4. The portable traffic control device according to claim 3, wherein said means for illuminating comprises:
a light source attached to said housing, said light source being positioned such that one of said first side of said sign and said second side of said sign can be selectively illuminated by said light source when said one of said first side of said sign and said second side of said sign faces in a direction which exposes said one of said first side of said sign and said second side of said sign to light projected from said light source.
5. The portable traffic control device according to claim 3, wherein said means for illuminating comprises:
an elongated bar attachable to said shaft, said bar having a first end and a second end;
a first light source attached to said bar proximate said first end of said bar, said first light source projecting light onto said first side of said sign when said bar is attached to said shaft; and
a second light source attached to said bar proximate said second end of said bar, said second light source projecting light onto said second side of said sign when said bar is attached to said shaft.
6. The portable traffic control device according to claim 3, wherein said octagonal sign comprises:
a first translucent octagonal plate having indicia forming said first word;
a second translucent octagonal plate having indicia forming said second word, said second translucent octagonal plate being in registry with said first translucent octagonal plate and said second translucent octagonal plate being spaced apart from said first translucent octagonal plate;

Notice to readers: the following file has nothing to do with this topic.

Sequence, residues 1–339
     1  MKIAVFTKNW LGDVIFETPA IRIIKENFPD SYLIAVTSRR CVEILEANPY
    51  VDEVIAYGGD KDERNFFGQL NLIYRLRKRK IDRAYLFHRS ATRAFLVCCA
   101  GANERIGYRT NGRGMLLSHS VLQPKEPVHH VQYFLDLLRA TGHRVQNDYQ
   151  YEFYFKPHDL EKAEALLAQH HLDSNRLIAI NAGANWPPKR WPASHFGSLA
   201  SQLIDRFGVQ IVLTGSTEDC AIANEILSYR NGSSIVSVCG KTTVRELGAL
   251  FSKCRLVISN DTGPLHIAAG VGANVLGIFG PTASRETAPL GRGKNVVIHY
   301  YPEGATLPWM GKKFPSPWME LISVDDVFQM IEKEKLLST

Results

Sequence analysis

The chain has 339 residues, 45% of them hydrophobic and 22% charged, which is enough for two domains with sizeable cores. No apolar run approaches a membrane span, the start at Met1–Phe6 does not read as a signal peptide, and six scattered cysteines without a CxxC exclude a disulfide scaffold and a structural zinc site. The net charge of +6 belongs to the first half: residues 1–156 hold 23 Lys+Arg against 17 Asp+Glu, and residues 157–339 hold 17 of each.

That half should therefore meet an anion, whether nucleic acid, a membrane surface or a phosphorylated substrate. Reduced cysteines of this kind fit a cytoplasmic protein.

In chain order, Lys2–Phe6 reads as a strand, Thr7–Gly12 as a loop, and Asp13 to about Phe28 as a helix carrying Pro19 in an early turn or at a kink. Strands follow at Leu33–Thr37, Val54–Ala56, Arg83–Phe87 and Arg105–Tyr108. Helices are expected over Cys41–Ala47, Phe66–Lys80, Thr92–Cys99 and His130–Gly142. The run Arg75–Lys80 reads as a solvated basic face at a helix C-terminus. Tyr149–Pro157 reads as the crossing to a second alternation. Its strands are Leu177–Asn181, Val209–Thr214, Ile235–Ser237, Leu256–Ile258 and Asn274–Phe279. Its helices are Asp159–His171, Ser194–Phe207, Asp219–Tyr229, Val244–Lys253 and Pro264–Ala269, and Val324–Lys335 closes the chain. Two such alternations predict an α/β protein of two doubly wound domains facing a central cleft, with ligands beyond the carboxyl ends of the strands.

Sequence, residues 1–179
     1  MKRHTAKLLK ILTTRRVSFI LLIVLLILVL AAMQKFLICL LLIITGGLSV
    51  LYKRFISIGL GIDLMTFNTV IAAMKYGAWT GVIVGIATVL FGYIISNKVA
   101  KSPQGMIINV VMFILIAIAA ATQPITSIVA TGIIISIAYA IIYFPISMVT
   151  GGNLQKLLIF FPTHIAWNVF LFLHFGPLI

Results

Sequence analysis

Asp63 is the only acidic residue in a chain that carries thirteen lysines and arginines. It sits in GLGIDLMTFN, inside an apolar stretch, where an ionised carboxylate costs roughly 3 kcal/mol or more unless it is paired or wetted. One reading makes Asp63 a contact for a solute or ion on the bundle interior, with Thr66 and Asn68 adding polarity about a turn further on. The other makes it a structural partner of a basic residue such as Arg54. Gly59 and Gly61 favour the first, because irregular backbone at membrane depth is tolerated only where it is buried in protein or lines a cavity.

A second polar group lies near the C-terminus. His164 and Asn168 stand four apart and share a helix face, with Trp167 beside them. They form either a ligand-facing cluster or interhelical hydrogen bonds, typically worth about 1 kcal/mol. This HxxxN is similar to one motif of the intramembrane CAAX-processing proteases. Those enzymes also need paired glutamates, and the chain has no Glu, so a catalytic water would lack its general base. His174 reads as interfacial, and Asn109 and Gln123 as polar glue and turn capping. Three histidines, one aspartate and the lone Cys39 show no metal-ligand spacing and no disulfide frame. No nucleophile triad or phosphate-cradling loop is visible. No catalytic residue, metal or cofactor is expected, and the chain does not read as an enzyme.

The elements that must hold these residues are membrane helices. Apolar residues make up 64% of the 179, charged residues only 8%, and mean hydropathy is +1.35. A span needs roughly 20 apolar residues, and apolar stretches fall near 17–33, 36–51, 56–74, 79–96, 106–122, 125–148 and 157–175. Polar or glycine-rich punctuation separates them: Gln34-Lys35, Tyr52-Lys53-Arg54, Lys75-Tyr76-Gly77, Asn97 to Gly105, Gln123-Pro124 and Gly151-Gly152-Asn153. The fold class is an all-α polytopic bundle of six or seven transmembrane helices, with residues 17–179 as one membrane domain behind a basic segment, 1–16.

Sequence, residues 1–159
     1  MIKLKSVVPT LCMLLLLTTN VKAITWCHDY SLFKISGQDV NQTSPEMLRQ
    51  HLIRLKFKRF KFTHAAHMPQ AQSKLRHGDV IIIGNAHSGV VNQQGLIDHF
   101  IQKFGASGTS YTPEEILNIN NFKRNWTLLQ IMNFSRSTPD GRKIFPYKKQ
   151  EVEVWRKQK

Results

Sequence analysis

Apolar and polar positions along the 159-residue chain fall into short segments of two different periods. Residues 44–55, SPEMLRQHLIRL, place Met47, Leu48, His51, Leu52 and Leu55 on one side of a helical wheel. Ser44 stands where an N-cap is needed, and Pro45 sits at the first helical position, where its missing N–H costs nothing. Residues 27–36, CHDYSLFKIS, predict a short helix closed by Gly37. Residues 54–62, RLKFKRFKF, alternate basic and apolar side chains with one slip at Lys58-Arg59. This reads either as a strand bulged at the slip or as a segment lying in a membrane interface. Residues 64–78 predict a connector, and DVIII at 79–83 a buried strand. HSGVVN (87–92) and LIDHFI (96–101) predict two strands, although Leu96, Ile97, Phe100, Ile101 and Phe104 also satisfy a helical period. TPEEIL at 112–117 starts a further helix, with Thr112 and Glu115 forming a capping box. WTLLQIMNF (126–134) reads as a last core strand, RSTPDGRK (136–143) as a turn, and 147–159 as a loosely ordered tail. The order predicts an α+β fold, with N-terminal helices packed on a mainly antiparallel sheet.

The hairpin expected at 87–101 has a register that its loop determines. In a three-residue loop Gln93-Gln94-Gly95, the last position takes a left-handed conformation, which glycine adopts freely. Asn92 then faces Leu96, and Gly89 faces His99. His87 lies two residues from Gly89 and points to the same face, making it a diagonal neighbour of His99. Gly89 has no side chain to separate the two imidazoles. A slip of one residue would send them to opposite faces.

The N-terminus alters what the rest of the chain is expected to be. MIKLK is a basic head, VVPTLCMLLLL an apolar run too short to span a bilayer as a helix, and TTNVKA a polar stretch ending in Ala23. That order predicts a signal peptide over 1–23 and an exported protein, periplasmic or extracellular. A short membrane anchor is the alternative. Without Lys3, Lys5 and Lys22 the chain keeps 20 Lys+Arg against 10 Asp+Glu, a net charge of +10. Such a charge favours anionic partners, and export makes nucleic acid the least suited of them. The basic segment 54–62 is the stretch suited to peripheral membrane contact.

a peripheral wall extending between said second translucent octagonal plate and said first translucent octagonal plate; and
a light bulb placed intermediate said second translucent octagonal plate and said first translucent octagonal plate, whereby said light bulb can illuminate said sign for better visibility.
7. The portable traffic control device according to claim 3, wherein said octagonal sign is formed at least in part by a solid octagonal plate having said first word on a first side thereof and said second word on a second side thereof.
8. The portable traffic control device according to claim 1, wherein said sign is in the form of a flexible sheet supported by a frame and has indicia on said second side thereof forming a second word, said second word being slow.
9. The portable traffic control device according to claim 1, wherein said sign comprises:
a first bar having a first end and a second end;
a second bar having a first end, a second end, and a length, said second bar being pivotally attached to said first bar at a pivotal attachment, said pivotal attachment being located about midway along said length of said second bar and a first distance from said first end of said first bar, said first distance being about half said length of said second bar, said first and second bars defining a frame;